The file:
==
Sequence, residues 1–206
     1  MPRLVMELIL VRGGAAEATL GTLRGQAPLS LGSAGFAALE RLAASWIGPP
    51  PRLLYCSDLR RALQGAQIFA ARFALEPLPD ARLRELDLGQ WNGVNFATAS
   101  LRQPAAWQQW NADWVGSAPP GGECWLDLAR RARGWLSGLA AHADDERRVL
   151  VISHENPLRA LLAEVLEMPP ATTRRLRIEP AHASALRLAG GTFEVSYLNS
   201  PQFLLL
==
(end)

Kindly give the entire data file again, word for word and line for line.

Sequence, residues 1–206
     1  MPRLVMELIL VRGGAAEATL GTLRGQAPLS LGSAGFAALE RLAASWIGPP
    51  PRLLYCSDLR RALQGAQIFA ARFALEPLPD ARLRELDLGQ WNGVNFATAS
   101  LRQPAAWQQW NADWVGSAPP GGECWLDLAR RARGWLSGLA AHADDERRVL
   151  VISHENPLRA LLAEVLEMPP ATTRRLRIEP AHASALRLAG GTFEVSYLNS
   201  PQFLLL